Net zero has become unhelpful slogan, says outgoing head of UK climate watchdog

<span>‘It’s strange that some see heat pumps as an enemy of the people,’ Stark said. </span><span>Photograph: Andrew Aitchison/In Pictures/Getty Images</span>
‘It’s strange that some see heat pumps as an enemy of the people,’ Stark said. Photograph: Andrew Aitchison/In Pictures/Getty Images

The concept of “net zero” has become a political slogan used to start a “dangerous” culture war over the climate, and may be better dropped, the outgoing head of the UK’s climate watchdog has warned.

Chris Stark, the chief executive of the Climate Change Committee (CCC), said sensible improvements to the economy and people’s lives were being blocked by a populist response to the net zero label, and he would be “intensely relaxed” about losing the term.

“Net zero has definitely become a slogan that I feel occasionally is now unhelpful, because it’s so associated with the campaigns against it,” he said. “That wasn’t something I expected.”

Politicians on all sides are now wary of associating themselves with the term, he said, which was inhibiting progress. Rishi Sunak, the prime minister, made several policy U-turns last year, including delaying the changeover to electric vehicles, while the Labour leader, Keir Starmer, watered down a promise to invest £28bn a year in a green economy.

“It’s the culture warriors who have really taken against it,” said Stark. “A small group of politicians or political voices has moved in to say that net zero is something that you can’t afford, net zero is something that you should be afraid of … But we’ve still got to reduce emissions. In the end, that’s all that matters.”

The real fight was to make the UK’s economy competitive with other countries that were investing heavily in renewable energy, electric vehicles and other green technologies that were the focus of innovation and investment around the world, he said.

“If it [net zero] is only a slogan, if it is seen as a sort of holding pen for a whole host of cultural issues, then I’m intensely relaxed about dropping it,” he said. “We keep it as a scientific target, but we don’t need to use it as a badge that we keep on every programme.”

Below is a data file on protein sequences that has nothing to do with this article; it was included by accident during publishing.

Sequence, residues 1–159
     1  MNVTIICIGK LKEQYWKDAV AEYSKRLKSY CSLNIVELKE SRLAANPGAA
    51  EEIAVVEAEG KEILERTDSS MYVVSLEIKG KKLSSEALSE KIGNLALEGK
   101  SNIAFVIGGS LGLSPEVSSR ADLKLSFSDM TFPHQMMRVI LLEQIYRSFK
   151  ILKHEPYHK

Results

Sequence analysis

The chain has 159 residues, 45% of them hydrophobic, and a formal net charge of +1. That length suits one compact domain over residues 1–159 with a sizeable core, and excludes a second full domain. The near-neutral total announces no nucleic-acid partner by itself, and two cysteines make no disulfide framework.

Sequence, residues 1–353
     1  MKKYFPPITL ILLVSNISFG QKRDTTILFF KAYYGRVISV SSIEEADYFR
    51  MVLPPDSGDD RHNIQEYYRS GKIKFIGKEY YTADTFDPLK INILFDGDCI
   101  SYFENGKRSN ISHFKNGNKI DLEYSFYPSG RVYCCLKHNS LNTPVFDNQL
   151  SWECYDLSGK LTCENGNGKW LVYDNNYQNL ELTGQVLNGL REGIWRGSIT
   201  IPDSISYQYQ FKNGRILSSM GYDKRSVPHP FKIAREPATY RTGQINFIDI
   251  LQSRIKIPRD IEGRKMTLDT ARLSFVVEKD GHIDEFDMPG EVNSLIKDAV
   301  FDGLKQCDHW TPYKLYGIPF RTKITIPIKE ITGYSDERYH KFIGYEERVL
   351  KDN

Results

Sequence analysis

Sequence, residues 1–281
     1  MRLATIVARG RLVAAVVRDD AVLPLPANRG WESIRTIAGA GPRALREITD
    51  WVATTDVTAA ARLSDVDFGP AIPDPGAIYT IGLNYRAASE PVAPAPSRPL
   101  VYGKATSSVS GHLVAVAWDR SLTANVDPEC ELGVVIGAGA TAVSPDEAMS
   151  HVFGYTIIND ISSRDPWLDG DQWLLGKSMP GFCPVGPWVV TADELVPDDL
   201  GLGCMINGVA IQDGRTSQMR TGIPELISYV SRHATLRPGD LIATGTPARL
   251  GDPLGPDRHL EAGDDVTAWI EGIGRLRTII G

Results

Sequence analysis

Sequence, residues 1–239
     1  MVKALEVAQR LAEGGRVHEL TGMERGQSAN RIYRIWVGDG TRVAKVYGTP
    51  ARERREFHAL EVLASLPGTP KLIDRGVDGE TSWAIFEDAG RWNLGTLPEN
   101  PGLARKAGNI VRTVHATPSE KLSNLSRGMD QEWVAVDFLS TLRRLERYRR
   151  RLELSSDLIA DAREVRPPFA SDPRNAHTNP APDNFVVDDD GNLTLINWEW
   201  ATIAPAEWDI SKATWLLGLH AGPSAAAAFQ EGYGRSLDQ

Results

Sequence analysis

Stark gave the example of heat pumps, which have been demonised in some quarters despite offering a low-carbon and potentially low-cost alternative to gas boilers.

“It’s very strange that some see heat pumps as an enemy of the people,” he said, in an interview with the Guardian before leaving his post this Friday. “This is a remarkably sensible technology that we’ve known about for a long time, a straightforward technology to put in your house to keep it warm, or to keep it cool in the summer. But in this country, they’ve taken on a totally different totemic role, as a technology that is being somehow forced upon the populace. I think that’s very dangerous.”

Policymakers should focus instead on what lies behind net zero – investment in the UK’s economy, in ways that would not only reduce greenhouse gas emissions but cut energy use, improve national security, clean up the air and protect nature and the countryside, he added.

“We are talking about cleaning up the economy and making it more productive – you can call that anything you like,” Stark said.

He has been chief executive of the CCC, the statutory body that advises government under the 2008 Climate Change Act, since 2018, under the chair John Gummer (Lord Deben), the former Conservative environment minister. Stark, who will move to the Carbon Trust, a consultancy set up by the government to help businesses cut emissions, leaves at a time when the organisation is without a permanent chair, as Deben left last year and the devolved governments have rejected the Tories’ choice as the new chair.

Tackling the climate crisis has been presented as a massive change, but Stark was at pains to point out that it would not be. “The world that we’ll have in 2050 is extremely similar to the one we have now. We will still be flying, we’ll still be eating meat, we will still be warming our homes, just heating them differently,” he said. “The lifestyle change that goes with this is not enormous at all.”

But it was not just those who were against climate action who were causing the problem, according to Stark. Climate activists were also alarming people, he warned, and creating “quite a serious barrier to large parts of the political spectrum to support climate action” by forceful protests, and presenting environmental policies as radical.

“It would be more helpful if they were less divisive,” he said. “I don’t think it is radical. It’s really important that we stop using words like that, as it is understandably frightening.”

Politicians could design measures so the costs were borne by those best able to shoulder them and people on lower incomes were also able to take advantage of home insulation, heat pumps and other ways of reducing energy bills. “We do need a policy package that is fair,” he said.

Stark pointed to China, the US and the EU, which are all investing heavily in low-carbon technologies that are cheaper or becoming cheaper than fossil fuels. People should not listen to trying to delay the transition, he said. “We will regret going slow in this transition, because we’ll be missing out on the economic benefits of it.”